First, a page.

This week, the U.S. Supreme Court wriggled out of a tight spot. Network lawyers, creative types, and ordinary viewers were watching the court's docket with interest this year, as the Supremes heard arguments in the case of FCC v. Fox Television Stations. The case revolved around more than $1 million in fines that the Federal Communications Commission had levied against ABC affiliates for airing images of nudity during an episode of NYPD Blue [pictured] as well as a notice of liability for profanity uttered during a live broadcast of the Golden Globes on Fox stations. 
Observers had expected the case to culminate in a decision from the Supreme Court that would either invalidate the longstanding prohibition on vaguely defined "indecent" material on the public airwaves or uphold the FCC's authority to regulate over-the-air content. The court did neither. Instead, the justices simply rejected the fines and judgments in question, arguing that the FCC had not specifically notified stations that it would begin punishing brief nudity and "fleeting expletives." Essentially, they sent the FCC back to the drawing board to clarify what types of content are prohibited. And, as Bloomberg points out, the agency now has a backlog of some 1.5 million complaints to pore over, presumably trying to derive some guidance from the non-decision handed down yesterday.
Hardly a landmark ruling. You could even call it a cop-out.
Broadcast networks have been chafing against indecency restrictions for decades, but their discomfort became more pronounced as shows like The Sopranos and Boardwalk Empire on HBO and Weeds and Dexter on Showtime started stealing viewers (not to mention Emmys and Golden Globes) from traditional prime-time programming. You can argue that pervasive brutal violence and nudity doesn't make a network show any better — and you'd be right. (Never mind the fact that compliance with FCC rules doesn't make a show entirely family friendly when creatives decide to push the envelope.)
But an amicus brief [PDF] filed by the National Association of Broadcasters last year argued that there is a distinct chilling effect when broadcasters nix shows because of liability fears. The NAB said a Peabody Award-winning 9/11 documentary, a reading of a Tom Wolfe novel, a memorial service for football star and soldier Pat Tillman, and even a local political debate had been kept off the air by broadcasters worried about getting fined for a passing unbleeped profanity. 
What's more, the NAB said, even though the FCC decided that it was OK for broadcasters to air an unedited version of Saving Private Ryan with profanity intact, it was never clear whether any other similarly weighty material would get the same consideration. In one case, PBS edited the Frontline documentary A Company of Soldiers before offering it to affiliates; any station that wanted to air the uncensored version had to sign a waiver accepting sole responsibility for the decision. And in order to stay truly safe, even the smallest broadcasters have to invest in time-delay technology to protect them in the event that something goes awry in a live news report. The NAB cited the example of a broadcaster with 24 local stations who had to spend $200,000 on delay technology.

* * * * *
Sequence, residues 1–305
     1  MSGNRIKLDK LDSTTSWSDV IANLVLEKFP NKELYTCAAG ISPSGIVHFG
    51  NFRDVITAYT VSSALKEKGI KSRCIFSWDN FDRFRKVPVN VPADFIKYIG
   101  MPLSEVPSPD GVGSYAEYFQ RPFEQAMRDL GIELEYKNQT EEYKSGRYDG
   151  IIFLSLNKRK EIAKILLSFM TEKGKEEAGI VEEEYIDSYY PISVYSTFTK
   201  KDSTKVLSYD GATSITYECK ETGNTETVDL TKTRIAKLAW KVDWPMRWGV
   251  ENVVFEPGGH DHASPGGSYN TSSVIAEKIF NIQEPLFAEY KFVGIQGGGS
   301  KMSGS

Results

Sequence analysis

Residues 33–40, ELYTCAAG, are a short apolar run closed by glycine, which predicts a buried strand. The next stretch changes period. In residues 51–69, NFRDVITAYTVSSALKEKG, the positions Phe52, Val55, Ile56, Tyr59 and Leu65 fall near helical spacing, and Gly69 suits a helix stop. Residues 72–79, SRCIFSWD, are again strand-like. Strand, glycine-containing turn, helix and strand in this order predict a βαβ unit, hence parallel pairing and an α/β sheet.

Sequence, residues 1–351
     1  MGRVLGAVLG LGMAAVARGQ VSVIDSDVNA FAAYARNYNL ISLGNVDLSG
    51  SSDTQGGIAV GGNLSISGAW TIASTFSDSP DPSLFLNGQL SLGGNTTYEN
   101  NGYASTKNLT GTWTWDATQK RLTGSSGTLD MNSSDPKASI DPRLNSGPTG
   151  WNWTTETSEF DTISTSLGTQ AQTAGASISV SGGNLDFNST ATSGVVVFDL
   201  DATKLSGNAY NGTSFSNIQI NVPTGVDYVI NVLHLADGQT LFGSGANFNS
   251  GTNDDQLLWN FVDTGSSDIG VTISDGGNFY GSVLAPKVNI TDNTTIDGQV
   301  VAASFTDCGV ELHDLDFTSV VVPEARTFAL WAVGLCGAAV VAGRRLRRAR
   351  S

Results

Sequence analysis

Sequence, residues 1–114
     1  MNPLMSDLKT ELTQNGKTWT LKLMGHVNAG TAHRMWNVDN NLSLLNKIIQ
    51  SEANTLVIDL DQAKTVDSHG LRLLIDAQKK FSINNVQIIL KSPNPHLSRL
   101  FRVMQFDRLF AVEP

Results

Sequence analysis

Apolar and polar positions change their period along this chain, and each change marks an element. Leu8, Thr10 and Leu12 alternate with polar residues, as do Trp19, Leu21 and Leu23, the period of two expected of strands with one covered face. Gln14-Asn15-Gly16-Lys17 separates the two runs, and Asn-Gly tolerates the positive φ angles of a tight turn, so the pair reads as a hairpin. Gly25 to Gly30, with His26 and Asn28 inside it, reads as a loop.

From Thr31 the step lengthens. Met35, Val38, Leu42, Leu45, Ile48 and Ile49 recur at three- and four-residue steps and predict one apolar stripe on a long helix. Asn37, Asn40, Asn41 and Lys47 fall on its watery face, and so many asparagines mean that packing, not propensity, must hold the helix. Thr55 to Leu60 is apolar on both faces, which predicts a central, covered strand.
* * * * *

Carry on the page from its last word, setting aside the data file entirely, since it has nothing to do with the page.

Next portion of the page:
Even when the technology is in place, somebody has to be poised to decide, with only a moment's notice, whether or not they really need to hit that dump button during a live broadcast. And, last year, local news stations had to decide how to cover a story involving Paul Gauguin's famous painting Two Tahitian Women. (NSFW, maybe?) Many of them opted to blur the breasts of the women in the painting out of fear that those, too, could be deemed "indecent." 
The constitutionality of the FCC's effective censorship powers has been questioned ever since the Supreme Court's 1978 "Pacifica" decision first affirmed them. At one time, there was an argument that the scarcity of broadcast spectrum meant there was a compelling public interest in regulation of the companies that were allowed use of that spectrum. But with the proliferation of cable-TV channels that fall outside the FCC's purview, it's unclear that scarcity can still be a consideration, or that the government can effectively protect children simply by holding over-the-air broadcasters to a different standard from their cable-only competitors. 
Certainly the Supreme Court's refusal to uphold this most recent round of fines indicates that it, too, is unsure of the extent of government's powers to regulate broadcast content. (In case you were wondering, Janet Jackson's Super Bowl wardrobe malfunction was not one of the incidents covered by this ruling, although it seems likely the Supremes would invalidate those fines, too.) Then again, this is an election year, and any ruling that the FCC's oversight is unconstitutional would likely become a political football. It may be understandable that the Supreme Court justices didn't want to stir this particular pot, especially if they would have had difficulty coming to a consensus on a ruling that would specifically address the bounds of the FCC's authority over content. (Yesterday's ruling, for what it's worth, was unanimous.)
They certainly did the broadcast industry no huge favor. Unless the FCC becomes atypically proactive in spelling out what you can and can't say, and show, on television, broadcasters will continue to play a guessing game — and the smallest stations, including public broadcasters who can hardly afford the five- and six-figure fines that are commonplace, have the most to lose.
By the way, if you're curious about the NSFW NYPD Blue scene that precipitated this whole case, it's (unsurprisingly) not hard to find on the Internet. Here's a lightly censored version, with pop-up commentary.